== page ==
Progression of essential iris atrophy studied with confocal microscopy and ultrasound biomicroscopy

Paola Pivetti Pezzi, Marco Marenco, Pamela Cosimi, Giuseppe Mannino, Ludovico Iannetti

Research output: Contribution to journalArticlepeer-review

Abstract

PURPOSE: The purpose of this study was to report the progression of the iridocorneal endothelial syndrome during a 5-year period in a patient with the essential iris atrophy variant using confocal microscopy and ultrabiomicroscopy (UBM). METHODS: A 47-year-old woman was referred to us in January 2002 with suspected iridocorneal endothelial syndrome. Examination of both eyes included visual acuity, biomicroscopy, intraocular pressure measurement, gonioscopy, visual field test, and UBM. Afterward, she was examined yearly and confocal microscopy performed. RESULTS: Visual acuity was 20/20 in both eyes. Examination of the right eye revealed endothelial degeneration, peripheral anterior synechiae, and iris atrophy around the pupil that appeared displaced to the temporal side. Biomicroscopy of the left eye was unremarkable. Posterior segment was normal in both eyes. UBM of the right eye showed thickening of the iris adherent to the corneal endothelium. Diagnosis of essential iris atrophy was confirmed. One year later, the right eye showed increasing iridoendothelial adherences confirmed by UBM. Confocal microscopy revealed endothelial cell abnormalities and groups of endothelial "epithelium-like" cells with hyperreflective nuclei. In April 2007, the pupil appeared more temporally dislocated. UBM showed more extended synechiae. Confocal microscopy displayed hyporeflective opacities in the endothelial layer and many grouped keratocytic clusters in the posterior stroma. No alteration of the intraocular pressure and visual field was found during the follow-up. CONCLUSIONS: UBM and confocal microscopy permit observation of any corneal and iridocorneal angle changes and evaluation of essential iris atrophy progression.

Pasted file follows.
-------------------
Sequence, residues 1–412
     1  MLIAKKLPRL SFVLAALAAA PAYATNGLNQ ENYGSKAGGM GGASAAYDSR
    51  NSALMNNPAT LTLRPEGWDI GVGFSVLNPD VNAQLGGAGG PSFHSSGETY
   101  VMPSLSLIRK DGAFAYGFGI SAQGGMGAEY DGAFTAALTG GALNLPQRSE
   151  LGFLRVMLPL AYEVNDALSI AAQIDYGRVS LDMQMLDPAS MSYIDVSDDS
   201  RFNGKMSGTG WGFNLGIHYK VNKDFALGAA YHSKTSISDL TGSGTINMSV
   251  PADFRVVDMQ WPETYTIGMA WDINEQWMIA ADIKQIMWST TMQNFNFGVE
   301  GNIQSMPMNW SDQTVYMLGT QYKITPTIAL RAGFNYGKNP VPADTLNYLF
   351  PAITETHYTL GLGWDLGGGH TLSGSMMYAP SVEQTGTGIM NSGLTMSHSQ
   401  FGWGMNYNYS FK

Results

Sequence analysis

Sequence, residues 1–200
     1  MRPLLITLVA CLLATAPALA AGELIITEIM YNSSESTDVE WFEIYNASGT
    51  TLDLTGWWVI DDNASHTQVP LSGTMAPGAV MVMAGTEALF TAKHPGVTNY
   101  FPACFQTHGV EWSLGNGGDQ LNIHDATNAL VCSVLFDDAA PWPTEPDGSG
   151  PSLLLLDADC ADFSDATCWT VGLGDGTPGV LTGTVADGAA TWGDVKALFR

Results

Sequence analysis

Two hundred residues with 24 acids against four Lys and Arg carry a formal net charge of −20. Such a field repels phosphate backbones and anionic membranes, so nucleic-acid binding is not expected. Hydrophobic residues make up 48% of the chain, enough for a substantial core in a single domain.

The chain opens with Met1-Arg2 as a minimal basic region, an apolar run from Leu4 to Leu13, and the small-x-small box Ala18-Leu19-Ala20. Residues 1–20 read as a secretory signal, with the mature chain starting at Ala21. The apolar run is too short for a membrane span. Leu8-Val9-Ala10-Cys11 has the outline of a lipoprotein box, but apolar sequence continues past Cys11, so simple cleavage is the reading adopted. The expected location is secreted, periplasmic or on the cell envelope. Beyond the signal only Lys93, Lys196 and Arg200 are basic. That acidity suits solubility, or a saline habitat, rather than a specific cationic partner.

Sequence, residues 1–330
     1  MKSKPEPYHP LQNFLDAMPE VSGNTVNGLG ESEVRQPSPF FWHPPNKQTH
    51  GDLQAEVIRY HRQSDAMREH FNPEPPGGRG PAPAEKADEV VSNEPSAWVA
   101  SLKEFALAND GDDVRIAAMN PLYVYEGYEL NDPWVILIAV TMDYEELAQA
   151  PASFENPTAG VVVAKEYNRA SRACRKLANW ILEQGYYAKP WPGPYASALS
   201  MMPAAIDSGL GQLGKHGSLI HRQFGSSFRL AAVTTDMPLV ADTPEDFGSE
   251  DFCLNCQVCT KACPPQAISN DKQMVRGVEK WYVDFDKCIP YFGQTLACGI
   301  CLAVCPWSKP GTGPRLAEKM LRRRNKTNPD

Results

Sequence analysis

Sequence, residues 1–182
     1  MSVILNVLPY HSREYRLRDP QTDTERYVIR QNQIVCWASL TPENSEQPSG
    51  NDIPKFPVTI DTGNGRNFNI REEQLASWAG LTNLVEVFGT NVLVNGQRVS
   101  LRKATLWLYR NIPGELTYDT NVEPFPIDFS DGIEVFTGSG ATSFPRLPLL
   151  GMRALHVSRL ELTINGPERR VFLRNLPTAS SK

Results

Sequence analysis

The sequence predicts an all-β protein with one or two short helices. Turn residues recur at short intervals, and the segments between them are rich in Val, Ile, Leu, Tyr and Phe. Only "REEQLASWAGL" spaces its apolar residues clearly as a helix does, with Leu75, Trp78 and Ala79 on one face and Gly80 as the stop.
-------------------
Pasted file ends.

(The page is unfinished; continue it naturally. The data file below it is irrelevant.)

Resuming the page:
Original languageEnglish
Pages (from-to)99-102
Number of pages4
JournalCornea
Volume28
Issue number1
DOIs
Publication statusPublished - Jan 2009

Keywords

  • Confocal microscopy
  • Essential iris atrophy
  • Ultrabiomicroscopy

ASJC Scopus subject areas

  • Ophthalmology

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